New UK book provides perspectives for navigating uncertain times
EarthTime, the innovative data visualization technology developed by Carnegie Mellon University’s CREATE Lab, takes center stage in a new book addressing some of the greatest challenges facing mankind.
“Terra Incognita: 100 Maps to Survive the Next 100 Years,” is being published by Century, an imprint of Penguin Random House UK. Written by Ian Goldin, a professor of global development at Oxford University, and Robert Muggah, a Canadian political scientist who specializes on security, cities and new technology, the book includes satellite maps and data visualizations by the CREATE Lab team of Paul Dille, Gabriel O’Donnell and Ryan Hoffman.
The book, not yet available in the U.S., visualizes and analyzes the impact of human activity on the planet and on society, examining such issues and mega-trends as pandemics, global climate change, inequality, violence, migration, health, education and accelerating technologies. The publisher says it plans to support the book with a social media campaign featuring the book’s visualizations as short online videos.
“We hope that this book gives readers both context and optimism about the global challenges we face,” said Hoffman, CREATE Lab project manager. “It helps shift the discussion away from the sensationalist narratives we see on social media and in the news. By leveraging powerful maps and the latest scientific evidence, this book can help shape solution-oriented discourse.”
In publicity materials released for the book, Steven Pinker, cognitive psychologist and popular science author, described Terra Incognita as “a riveting account of humanity’s most pressing problems and innovative solutions.”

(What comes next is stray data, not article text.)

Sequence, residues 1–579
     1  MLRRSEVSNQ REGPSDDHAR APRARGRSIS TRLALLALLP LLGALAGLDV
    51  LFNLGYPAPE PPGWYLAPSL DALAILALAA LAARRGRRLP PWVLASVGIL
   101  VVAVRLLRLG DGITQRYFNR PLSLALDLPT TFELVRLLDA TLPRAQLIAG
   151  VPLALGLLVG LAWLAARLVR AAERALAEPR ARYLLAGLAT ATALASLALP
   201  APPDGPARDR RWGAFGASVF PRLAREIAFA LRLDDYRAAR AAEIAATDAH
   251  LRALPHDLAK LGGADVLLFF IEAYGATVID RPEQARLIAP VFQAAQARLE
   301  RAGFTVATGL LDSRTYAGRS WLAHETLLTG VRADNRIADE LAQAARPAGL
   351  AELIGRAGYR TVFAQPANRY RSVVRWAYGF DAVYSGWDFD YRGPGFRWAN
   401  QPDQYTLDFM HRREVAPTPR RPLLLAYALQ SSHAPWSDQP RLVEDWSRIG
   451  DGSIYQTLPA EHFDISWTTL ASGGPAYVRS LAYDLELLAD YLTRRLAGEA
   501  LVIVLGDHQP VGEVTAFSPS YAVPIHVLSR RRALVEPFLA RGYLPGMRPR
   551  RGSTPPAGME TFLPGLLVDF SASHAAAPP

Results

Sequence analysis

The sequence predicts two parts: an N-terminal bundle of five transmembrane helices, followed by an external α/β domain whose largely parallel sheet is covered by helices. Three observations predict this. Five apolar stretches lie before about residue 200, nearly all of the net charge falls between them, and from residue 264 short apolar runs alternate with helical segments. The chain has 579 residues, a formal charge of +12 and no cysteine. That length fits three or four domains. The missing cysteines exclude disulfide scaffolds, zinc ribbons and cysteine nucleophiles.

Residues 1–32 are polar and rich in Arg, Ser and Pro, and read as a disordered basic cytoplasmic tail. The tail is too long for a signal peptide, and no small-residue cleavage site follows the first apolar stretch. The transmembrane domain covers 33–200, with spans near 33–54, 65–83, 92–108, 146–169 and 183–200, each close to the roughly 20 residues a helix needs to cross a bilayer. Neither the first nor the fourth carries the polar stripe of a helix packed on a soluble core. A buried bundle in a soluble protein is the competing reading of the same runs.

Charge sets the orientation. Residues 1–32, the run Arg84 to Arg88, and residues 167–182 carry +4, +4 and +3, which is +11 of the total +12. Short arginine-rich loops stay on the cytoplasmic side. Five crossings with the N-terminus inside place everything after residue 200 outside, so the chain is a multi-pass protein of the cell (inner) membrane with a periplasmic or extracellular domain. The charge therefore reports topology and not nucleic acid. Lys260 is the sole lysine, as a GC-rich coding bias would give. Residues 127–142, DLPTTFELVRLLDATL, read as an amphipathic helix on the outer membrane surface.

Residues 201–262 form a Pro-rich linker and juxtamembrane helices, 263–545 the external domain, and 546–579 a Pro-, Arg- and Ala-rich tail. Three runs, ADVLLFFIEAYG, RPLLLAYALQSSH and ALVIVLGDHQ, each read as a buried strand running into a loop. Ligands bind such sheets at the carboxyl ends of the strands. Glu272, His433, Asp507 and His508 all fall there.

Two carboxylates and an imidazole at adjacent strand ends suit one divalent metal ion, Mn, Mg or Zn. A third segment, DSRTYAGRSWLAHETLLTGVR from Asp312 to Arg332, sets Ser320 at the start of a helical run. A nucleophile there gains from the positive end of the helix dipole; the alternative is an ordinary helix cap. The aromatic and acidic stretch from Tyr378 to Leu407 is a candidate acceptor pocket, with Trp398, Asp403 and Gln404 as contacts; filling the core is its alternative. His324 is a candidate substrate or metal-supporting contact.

Arianna Huffington, co-founder of the Huffington Post, described it as an unflinching account of our challenges that “will leave you optimistic about the future.”
EarthTime evolved from CREATE Lab projects for creating and exploring panoramic imagery, eventually incorporating data sets from such sources as the United Nations, NASA, U.S. Geological Survey, the London School of Health and Tropical Disease and even the Housing Mortgage Disclosure Act. It thus became a powerful tool for visualizing data over time and space and is now an annual fixture at the World Economic Forum’s Davos conference. It also is used in education and, locally, for advocacy regarding housing and inequality.
Dille, senior software developer, said the team created dozens of new maps for the book to make the data as current and relevant as possible. Some of the newly visualized data was released only a few months ago.
“It is a historical irony that one of the most advanced visualization systems we have developed, EarthTime, lends itself powerfully to the creation of graphic imagery for a traditional hardcover book,” said Illah Nourbakhsh, professor of robotics and director of the CREATE Lab. “The combination of visuals and narratives that constitute Terra Incognita provide a never-before-seen depth of engagement, suitable for all, on how our planet is changing dramatically right under our feet.”